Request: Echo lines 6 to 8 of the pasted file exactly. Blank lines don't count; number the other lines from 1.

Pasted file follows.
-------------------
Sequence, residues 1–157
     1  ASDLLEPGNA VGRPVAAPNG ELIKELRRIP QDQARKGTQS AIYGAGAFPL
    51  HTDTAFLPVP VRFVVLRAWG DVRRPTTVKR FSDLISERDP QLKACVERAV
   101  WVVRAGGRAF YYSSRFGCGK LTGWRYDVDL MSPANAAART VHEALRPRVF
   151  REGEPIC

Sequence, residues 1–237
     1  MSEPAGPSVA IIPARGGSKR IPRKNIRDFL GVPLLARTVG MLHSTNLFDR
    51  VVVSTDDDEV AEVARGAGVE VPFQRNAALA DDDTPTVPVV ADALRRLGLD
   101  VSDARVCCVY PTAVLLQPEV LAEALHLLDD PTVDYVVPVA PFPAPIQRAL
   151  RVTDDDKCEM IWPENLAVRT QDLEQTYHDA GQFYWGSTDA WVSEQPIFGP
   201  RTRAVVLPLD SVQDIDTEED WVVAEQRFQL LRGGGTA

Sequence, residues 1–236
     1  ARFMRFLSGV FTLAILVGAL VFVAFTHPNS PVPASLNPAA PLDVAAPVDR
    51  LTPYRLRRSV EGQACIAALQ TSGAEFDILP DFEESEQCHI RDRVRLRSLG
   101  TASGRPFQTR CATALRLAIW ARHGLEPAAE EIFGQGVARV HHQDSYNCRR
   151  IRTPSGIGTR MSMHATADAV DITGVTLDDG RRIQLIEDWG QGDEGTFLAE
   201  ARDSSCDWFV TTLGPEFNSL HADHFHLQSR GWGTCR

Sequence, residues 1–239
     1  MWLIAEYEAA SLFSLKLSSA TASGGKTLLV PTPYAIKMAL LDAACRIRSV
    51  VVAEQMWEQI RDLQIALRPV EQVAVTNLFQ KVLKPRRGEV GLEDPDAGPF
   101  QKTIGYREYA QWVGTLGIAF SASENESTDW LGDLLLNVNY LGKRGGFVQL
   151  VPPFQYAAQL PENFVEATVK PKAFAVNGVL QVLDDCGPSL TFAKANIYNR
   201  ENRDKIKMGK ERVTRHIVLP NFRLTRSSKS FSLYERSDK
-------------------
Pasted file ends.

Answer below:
Sequence, residues 1–237
     1  MSEPAGPSVA IIPARGGSKR IPRKNIRDFL GVPLLARTVG MLHSTNLFDR
    51  VVVSTDDDEV AEVARGAGVE VPFQRNAALA DDDTPTVPVV ADALRRLGLD